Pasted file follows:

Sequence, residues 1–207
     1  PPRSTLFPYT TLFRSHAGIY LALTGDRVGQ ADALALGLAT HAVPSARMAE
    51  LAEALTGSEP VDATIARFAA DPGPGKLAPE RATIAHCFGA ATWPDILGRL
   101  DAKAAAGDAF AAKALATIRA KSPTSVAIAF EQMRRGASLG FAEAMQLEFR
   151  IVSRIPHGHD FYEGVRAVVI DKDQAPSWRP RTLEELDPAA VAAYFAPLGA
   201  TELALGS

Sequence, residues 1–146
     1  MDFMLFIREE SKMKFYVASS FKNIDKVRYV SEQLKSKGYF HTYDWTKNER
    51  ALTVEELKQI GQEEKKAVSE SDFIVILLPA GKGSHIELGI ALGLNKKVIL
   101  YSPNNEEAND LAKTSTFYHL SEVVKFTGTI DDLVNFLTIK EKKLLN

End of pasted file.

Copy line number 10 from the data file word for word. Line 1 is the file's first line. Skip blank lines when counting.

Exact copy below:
   101  YSPNNEEAND LAKTSTFYHL SEVVKFTGTI DDLVNFLTIK EKKLLN